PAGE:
5 Reasons Your Resume Is Getting Rejected

5 Reasons Your Resume Is Getting Rejected

An attention-grabbing and unique resume has always been emphasized as the one that usually gets an applicant the job interview. If you don’t know how to make one, chances are you’re going to need professional help. If you’d rather do your resume all by yourself, you can always get some useful tips from a lot of self-help books and online resources.

A hiring manager doesn’t necessarily “read” your resume from top to bottom. Recruiters will sometimes even read your resume from last page to first page to assess your career trajectory. For the very reason that he or she encounters hundreds of resumes in a single day, the hiring manager already knows what’s wrong with your document with just a single glimpse. What makes for an attention-worthy resume? Do you know what the frequent pitfalls in resume writing are? The following are some resume errors that you shouldn’t commit.

Some of the weak points you should double check:

1. Obsolete objective statement.

It’s sad to say that objective statements don’t cut it these days. They just don’t exist anymore. While it is good to know what your job objectives are, the employer is most interested in what you can bring to their company. Remember, do not ask what the company can do for you, but the other way around. The employer is looking for someone who has the dedication to be accountable.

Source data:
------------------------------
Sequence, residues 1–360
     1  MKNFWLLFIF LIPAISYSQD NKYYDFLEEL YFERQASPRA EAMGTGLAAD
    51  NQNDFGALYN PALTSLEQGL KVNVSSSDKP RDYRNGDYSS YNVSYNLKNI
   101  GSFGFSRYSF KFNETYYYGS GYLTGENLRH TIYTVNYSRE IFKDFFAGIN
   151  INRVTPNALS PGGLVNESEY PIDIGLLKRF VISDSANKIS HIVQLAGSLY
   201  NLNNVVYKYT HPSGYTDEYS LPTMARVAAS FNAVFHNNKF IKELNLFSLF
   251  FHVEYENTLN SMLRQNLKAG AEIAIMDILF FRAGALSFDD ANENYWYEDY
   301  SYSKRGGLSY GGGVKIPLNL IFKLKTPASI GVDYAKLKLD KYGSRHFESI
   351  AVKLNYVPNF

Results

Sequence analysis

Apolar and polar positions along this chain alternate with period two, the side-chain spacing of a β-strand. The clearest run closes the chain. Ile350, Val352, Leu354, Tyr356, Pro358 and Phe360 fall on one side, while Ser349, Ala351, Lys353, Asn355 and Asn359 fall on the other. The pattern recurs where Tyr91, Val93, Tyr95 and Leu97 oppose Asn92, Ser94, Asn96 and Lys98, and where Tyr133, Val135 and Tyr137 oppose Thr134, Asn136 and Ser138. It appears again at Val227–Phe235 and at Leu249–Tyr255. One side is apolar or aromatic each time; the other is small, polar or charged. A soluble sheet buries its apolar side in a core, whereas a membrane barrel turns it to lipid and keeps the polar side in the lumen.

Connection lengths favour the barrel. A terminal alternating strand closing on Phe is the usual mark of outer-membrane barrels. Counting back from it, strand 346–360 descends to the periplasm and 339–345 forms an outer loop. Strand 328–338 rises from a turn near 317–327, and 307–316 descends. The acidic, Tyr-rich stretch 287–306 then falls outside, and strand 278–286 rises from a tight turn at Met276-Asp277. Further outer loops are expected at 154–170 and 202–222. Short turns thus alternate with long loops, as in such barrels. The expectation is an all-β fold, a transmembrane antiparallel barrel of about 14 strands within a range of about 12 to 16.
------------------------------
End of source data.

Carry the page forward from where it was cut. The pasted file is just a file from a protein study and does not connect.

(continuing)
2. Order of information presented.

If you have more than 2 years of professional experience your education section should be placed at the bottom part of the resume since that is not as relevant as your work history. In cases where you just graduated recently and still have no adequate job experiences, the education section serves as a substitute for work experience.

3. Text emphasis used.

If you’re going to use emphasis in your resume, be sure to use only bold fonts and minimize its usage. It’s never advisable to use a lot of text emphasis and usually, italics is not used. Be sure that the font size and type you’re using are also the standard ones.

4. Type of personal information to include.

If you have certain hobbies, there is no need to include them in your resume since the hiring manager is not and will never be interested with what you do with your free time. In cases where you have hobbies that may significantly contribute to your being hired for the position, you can then include it.

5. Professional experience presentation.

It is your responsibility to engage the employer and convince them that you are the best candidate for an opportunity. Instead of presenting the common responsibilities you have handled in previous companies, you should present your achievements for better results. The best way to impress the employer is to use figures to represent your biggest contributions. The presentation of the resume should also count. As much as possible, make it readable for the employer. Use 3-5 bullet points to distinguish items in a list more easily. The most important part of your resume is the top 1/3rd and the bottom 1/3rd – make those the most compelling.

If you’re still wondering about the true purpose of your resume, yes, it’s all about impressing the employer and it always will be. If you want to get that call you’ve been waiting for, stop thinking about anything else and focus on this one purpose.